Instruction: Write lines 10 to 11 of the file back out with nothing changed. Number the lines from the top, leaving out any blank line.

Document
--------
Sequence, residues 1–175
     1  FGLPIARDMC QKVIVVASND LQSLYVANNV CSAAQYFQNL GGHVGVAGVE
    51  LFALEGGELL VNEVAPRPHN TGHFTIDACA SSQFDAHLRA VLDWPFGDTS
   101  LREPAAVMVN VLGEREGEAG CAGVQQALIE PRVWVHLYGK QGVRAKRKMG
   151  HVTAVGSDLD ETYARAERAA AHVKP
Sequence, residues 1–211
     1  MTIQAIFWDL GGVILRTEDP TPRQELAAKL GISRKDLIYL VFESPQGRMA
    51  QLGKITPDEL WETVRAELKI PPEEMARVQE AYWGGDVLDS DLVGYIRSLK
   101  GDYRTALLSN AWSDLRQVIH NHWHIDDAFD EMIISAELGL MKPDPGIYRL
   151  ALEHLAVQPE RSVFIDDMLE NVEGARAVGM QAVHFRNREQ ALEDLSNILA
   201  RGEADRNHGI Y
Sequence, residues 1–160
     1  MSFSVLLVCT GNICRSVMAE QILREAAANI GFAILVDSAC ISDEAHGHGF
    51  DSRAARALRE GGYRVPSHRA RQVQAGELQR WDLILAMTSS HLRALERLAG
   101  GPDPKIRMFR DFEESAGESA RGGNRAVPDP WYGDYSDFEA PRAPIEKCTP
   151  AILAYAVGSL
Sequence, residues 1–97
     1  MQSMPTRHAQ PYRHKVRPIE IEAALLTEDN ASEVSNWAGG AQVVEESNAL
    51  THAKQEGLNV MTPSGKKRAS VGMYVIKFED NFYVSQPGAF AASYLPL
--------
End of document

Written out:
   151  ALEHLAVQPE RSVFIDDMLE NVEGARAVGM QAVHFRNREQ ALEDLSNILA
   201  RGEADRNHGI Y